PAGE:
What Exactly Is The Typical American Family

2704 words - 11 pages

For numerous years now, when we think of the typical American family, our thoughts often go to the suburbs. We picture a family with a father, mother and the average 2.5 children. This ideal family most likely has it's roots in the 1950's. After World War II,, there was a significant move from urban and rural areas to the newly formed suburbs. A substantial part of this move can be attributed to the low interest mortgage loans supplied by the GI bill, signed into law in 1944.1 There was also another significant change coming to the American family, the television set. Families would gather in front of this relatively new device as a source not only for news but also for entertainment. Fathers of the 50's, many of whom as children, had grown up through the hard times of the Great Depression. Also, seen the horrors of the second world war were now within the peace and tranquility of their suburban homes with their families. This father served roles as provider, authoritarian, and wise counselor for his wife and children, much like the father, Ward Cleaver, played by Hugh Beaumont, on the 50's television show “Leave It To Beaver”. These roles would change somewhat over the next 60 years or so. Television sitcoms have reflected the changing roles of the American father as the provider, authoritarian, and counselor over the last 60 years.
For example, the quintessential suburban father of the 50's worked the typical 9-5 job. His wife was a stay at home mom commonly called a homemaker. It was his sole income that provided his family with the lifestyle, typical of this suburban life. This was the case for about sixty percent of homes in the 1950's.2 Shows like “Father Knows Best” and “Leave It To Beaver” reflected this standard. Even though their incomes were not particularly high, Ward Cleaver earned about $46, 835 as an accountant and Jim Anderson, played by Robert Young, of “Father Knows Best” earned about $38,974 as an Insurance agent (both in 2005 dollars)3, it was enough to support the family in the conventional middle class comforts of the 50's.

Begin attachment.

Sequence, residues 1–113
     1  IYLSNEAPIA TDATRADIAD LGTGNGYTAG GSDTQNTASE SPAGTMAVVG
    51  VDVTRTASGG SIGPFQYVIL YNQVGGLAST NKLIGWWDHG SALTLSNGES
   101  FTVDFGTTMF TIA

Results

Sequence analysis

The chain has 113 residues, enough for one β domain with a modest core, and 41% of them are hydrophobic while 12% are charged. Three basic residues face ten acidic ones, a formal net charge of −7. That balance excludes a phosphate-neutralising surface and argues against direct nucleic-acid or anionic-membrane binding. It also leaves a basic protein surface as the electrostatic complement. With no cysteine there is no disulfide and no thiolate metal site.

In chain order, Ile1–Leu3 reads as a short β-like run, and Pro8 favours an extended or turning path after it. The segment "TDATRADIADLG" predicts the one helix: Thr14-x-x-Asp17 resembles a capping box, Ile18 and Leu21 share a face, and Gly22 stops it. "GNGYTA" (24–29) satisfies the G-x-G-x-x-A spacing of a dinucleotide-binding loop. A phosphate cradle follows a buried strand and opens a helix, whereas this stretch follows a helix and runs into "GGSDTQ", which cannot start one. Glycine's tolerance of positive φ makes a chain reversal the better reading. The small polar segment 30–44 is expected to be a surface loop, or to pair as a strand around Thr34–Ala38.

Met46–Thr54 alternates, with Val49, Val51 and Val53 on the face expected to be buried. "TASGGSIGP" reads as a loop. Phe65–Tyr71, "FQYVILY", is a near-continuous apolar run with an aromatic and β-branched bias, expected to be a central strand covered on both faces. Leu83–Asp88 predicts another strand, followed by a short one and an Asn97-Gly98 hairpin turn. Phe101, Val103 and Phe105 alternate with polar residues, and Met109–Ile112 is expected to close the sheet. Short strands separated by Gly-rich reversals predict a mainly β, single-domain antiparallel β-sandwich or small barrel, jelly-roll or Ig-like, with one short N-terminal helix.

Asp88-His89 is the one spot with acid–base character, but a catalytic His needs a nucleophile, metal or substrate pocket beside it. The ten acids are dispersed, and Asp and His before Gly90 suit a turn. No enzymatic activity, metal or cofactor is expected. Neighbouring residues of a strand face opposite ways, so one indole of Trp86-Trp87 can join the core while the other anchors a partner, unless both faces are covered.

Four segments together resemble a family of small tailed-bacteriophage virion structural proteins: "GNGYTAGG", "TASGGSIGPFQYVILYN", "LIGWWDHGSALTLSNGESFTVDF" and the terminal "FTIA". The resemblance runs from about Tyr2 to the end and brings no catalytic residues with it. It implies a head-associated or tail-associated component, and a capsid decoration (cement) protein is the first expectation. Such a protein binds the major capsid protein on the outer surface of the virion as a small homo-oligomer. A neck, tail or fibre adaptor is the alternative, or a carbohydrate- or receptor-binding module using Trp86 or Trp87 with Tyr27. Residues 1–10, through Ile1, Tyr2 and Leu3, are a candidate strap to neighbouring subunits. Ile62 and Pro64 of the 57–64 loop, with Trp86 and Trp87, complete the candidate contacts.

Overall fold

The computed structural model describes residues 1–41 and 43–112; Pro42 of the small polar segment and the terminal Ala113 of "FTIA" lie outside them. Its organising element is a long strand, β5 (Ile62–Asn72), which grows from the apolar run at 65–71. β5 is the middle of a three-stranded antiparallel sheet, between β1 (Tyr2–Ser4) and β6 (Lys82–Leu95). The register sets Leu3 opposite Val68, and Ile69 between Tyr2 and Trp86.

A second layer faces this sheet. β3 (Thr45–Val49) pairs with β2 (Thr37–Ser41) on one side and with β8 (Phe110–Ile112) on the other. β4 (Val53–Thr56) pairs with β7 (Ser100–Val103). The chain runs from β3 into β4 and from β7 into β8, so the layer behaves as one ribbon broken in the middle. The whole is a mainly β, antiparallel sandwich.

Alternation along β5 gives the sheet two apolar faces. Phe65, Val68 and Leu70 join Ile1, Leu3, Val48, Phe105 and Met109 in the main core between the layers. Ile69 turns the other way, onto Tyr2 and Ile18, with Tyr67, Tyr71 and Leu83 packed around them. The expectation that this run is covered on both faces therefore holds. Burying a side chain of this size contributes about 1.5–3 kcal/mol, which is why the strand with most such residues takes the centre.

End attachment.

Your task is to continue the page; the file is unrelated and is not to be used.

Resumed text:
Consequently, this has drastically changed over the last 60 years. In 1960, only 25 percent of American families were dual income. By 2011, that number was over half at 60 percent.4 In order to sustain their affluent suburban lifestyle there increasingly became the need for two incomes. It was not only the need for the second income to sustain the suburban lifestyle, but growing feminist movement that also contributed to the dual income families. By the 1980's, this was reflected in such popular shows as “Family Ties” and 'The Cosby Show”. Professor of Women’s Studies at Boston University, Barbara Gottfried, stated “I think times have changed. I don't think that most people want to be June...

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